|Abstract||This thesis draws on poststructuralism/postmodernism to present a feminist investigation into the human body, its modes of (self)identification, and its insertion into systems of bioethics. I argue that, contrary to conventional paradigms, the boundaries not only of the subject, but of the body too, cannot be secured. In exploring and contesting the closure and disembodiment of the ethical subject, I propose instead an incalculable, but nonetheless fully embodied, diversity of provisional subject positions. My aim is to valorise women and situate them within a reconceived ethics which takes account of the embodied feminine. My project entails an analysis and deconstruction of the binaries of those dominant strands of postEnlightenment thought that shape epistemology, ontology, and ethics, which in turn set the parameters of modern bioethics. More importantly, it goes on to reclaim a radical sexual difference beyond the binary, in which the female is no longer the other of the male. My enquiry, then, is strongly influenced by the discursive approach offered by both Foucault and Derrida in differential ways, but I counter their indifference to feminist concerns by qualifying their insights in the light of strategies developed by Irigaray and Spivak, among others. The main method of investigation has been through library research of primary and secondary sources in mainstream and feminist philosophy, and in bioethics. In addition, archival work in both textual and iconographic collections was carried out at the Wellcome Institute for the History of Medicine. The contribution made by this thesis is to go beyond modernist feminisms - which would simply revise and add women into existing paradigms - to radically displace and overflow the mechanisms by which women are devalued. And in developing a postmodern critique around some issues in bioethics, I have suggested a new ethics of the body which precedes the operation of moral codes|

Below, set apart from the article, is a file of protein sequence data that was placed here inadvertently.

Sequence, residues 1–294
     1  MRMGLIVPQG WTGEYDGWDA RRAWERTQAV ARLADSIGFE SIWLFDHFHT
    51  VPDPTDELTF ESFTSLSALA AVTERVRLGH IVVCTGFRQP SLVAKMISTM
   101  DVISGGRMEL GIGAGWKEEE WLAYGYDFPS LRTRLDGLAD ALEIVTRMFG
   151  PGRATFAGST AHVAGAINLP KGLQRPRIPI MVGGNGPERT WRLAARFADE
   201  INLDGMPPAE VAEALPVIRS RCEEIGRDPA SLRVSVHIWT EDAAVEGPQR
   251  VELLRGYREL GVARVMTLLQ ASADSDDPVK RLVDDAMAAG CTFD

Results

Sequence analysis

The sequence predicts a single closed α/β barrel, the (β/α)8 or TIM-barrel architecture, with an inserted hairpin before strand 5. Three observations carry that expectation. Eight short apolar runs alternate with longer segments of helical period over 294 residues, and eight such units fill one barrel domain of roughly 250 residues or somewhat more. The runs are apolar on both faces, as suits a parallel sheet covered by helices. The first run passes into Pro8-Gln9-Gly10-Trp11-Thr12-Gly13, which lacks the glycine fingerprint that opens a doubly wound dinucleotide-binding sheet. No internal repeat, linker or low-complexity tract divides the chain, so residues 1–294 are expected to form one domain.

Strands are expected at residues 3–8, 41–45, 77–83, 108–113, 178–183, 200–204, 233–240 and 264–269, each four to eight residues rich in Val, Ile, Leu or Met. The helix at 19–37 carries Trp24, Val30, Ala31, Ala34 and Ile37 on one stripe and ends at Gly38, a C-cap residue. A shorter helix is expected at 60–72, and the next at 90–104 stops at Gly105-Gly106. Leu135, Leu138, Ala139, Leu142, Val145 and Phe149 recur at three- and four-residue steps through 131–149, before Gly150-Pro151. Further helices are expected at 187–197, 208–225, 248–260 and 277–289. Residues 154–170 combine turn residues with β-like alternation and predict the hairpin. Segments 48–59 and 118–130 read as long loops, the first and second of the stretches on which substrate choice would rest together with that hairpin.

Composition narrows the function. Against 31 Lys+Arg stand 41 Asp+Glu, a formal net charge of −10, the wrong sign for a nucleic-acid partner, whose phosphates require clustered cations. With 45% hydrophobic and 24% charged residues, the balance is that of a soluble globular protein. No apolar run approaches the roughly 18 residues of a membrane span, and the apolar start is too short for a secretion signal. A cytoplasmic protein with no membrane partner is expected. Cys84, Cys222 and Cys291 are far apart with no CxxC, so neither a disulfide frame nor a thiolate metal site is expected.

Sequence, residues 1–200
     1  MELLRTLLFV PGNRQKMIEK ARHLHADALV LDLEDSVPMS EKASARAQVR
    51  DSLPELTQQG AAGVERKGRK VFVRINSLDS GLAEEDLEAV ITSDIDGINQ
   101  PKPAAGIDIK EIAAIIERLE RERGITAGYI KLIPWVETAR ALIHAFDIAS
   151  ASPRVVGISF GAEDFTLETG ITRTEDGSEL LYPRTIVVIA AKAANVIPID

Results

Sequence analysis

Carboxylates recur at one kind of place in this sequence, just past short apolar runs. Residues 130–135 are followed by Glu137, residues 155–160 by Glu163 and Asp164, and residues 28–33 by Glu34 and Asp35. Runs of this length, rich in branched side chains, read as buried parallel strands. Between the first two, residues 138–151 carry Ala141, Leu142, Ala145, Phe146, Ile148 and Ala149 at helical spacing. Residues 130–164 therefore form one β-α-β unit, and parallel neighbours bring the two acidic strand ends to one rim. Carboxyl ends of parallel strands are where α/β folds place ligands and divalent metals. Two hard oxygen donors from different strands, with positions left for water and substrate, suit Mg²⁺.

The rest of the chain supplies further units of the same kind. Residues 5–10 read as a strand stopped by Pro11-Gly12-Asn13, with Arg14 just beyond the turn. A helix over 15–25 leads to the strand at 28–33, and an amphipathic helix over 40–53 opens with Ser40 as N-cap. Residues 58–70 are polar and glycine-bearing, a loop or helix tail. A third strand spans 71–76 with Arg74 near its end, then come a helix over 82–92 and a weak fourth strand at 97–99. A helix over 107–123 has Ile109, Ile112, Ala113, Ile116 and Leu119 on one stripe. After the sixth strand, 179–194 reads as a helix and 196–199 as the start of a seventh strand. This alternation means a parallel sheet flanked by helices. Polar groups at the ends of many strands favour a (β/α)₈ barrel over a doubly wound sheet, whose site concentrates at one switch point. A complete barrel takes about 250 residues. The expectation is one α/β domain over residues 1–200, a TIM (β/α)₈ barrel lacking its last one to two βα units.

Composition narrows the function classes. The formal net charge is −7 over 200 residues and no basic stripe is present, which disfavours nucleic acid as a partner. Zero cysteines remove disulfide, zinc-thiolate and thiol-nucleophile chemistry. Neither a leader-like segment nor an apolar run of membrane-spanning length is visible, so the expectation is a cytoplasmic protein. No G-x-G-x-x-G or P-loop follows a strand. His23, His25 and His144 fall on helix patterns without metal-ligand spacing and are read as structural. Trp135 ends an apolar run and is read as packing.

|Keywords||No keywords specified (fix it)|
|Categories||categorize this paper)|
|Through your library||Only published papers are available at libraries|
Similar books and articles
Margrit Shildrick (1997). Leaky Bodies and Boundaries: Feminism, Postmodernism and (Bio)Ethics. Routledge.
Susan M. Wolf (ed.) (1996). Feminism & Bioethics: Beyond Reproduction. Oxford University Press.
Norah Martin (2001). Feminist Bioethics and Psychiatry. Journal of Medicine and Philosophy 26 (4):431 – 441.
Margrit Shildrick (2008). The Critical Turn in Feminist Bioethics: The Case of Heart Transplantation. International Journal of Feminist Approaches to Bioethics 1 (1):28 - 47.
Londa L. Schiebinger (ed.) (2000). Feminism and the Body. Oxford University Press.
Margrit Shildrick (2004). Reconfiguring the Bioethics of Reproduction. Philosophy in the Contemporary World 11 (1):77-85.
D. Dickenson (1998). Leaky Bodies and Boundaries: Feminism, Postmodernism and (Bio) Ethics. Journal of Medical Ethics 24 (3):212-213.
Helen Meekosha (2010). The Complex Balancing Act of Choice, Autonomy, Valued Life, and Rights: Bringing a Feminist Disability Perspective to Bioethics. International Journal of Feminist Approaches to Bioethics 3 (2):1-8.
Claudia Leeb (2009). The Im-Possibility of a Feminist Subject. Social Philosophy Today 25:47-60.
Jackie Leach Scully, Laurel Baldwin-Ragaven & Petya Fitzpatrick (eds.) (2010). Feminist Bioethics: At the Center, on the Margins. Johns Hopkins University Press.
Robyn Bluhm (2011). Feminist Bioethics: At the Center, on the Margins. [REVIEW] International Journal of Feminist Approaches to Bioethics 4 (2):154-159.
Rosemarie Tong (1996). Feminist Bioethics: Toward Developing a "Feminist" Answer to the Surrogate Motherhood Question. Kennedy Institute of Ethics Journal 6 (1):37-52.
Imelda Whelehan (1995). Modern Feminist Thought: From the Second Wave to "Post-Feminism". New York University Press.
Added to index2011-11-01
Total downloads4 ( #188,845 of 722,813 )
Recent downloads (6 months)1 ( #60,541 of 722,813 )
How can I increase my downloads?